Arab foreign ministers have condemned the Danish government for failing to act against a newspaper that published cartoons of the Prophet Muhammad.
The cartoons have prompted protests in Copenhagen
At the Arab League conference in Cairo, they said they were "surprised and discontented at the response".
Islam forbids any depiction of Muhammad or of Allah.
The Jyllands-Posten newspaper published a series of 12 cartoons showing Muhammad, in one of which he appeared to have a bomb in his turban.
The Arab League's ministers council said the cartoons were an insult to Islam.
The government's response "was disappointing despite its political, economic and cultural ties with the Muslim world", it added.
Danish Muslim community leaders held talks with Danish Prime Minister Anders Fogh Rasmussen in July to complain about press coverage of Islam.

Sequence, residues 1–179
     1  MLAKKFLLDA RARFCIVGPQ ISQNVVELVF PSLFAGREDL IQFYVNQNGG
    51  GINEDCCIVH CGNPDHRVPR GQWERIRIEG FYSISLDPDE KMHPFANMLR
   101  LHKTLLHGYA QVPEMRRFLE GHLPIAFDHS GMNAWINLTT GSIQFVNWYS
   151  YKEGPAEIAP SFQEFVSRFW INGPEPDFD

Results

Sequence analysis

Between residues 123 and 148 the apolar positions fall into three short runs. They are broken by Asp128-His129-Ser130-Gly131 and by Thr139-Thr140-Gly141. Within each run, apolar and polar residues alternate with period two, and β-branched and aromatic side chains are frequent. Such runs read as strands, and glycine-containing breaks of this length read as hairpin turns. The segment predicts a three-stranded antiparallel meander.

At the time, Mr Rasmussen said he could not tell newspapers what to print - or what not to.
Arab ministers also said they were unhappy that European human rights organisations have not taken a clear position on the issue.
There have been street protests both in Denmark and in Muslim countries following the publication of the cartoons.
The newspaper insists on freedom of expression and says it has the right to print whatever words and pictures it chooses.
It said both the paper and the cartoonist had received death threats.